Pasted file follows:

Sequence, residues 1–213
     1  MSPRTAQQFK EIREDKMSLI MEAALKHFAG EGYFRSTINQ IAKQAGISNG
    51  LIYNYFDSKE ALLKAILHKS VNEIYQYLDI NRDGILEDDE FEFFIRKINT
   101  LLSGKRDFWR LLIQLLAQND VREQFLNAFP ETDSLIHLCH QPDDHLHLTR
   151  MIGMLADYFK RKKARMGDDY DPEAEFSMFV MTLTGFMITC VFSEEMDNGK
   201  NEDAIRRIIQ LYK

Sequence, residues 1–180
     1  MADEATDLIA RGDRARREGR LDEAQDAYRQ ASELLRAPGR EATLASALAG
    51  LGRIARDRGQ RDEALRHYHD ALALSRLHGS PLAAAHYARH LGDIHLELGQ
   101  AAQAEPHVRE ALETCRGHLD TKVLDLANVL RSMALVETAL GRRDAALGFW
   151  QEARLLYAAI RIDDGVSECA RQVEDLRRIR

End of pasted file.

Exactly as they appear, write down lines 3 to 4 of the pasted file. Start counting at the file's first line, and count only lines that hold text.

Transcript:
    51  LIYNYFDSKE ALLKAILHKS VNEIYQYLDI NRDGILEDDE FEFFIRKINT
   101  LLSGKRDFWR LLIQLLAQND VREQFLNAFP ETDSLIHLCH QPDDHLHLTR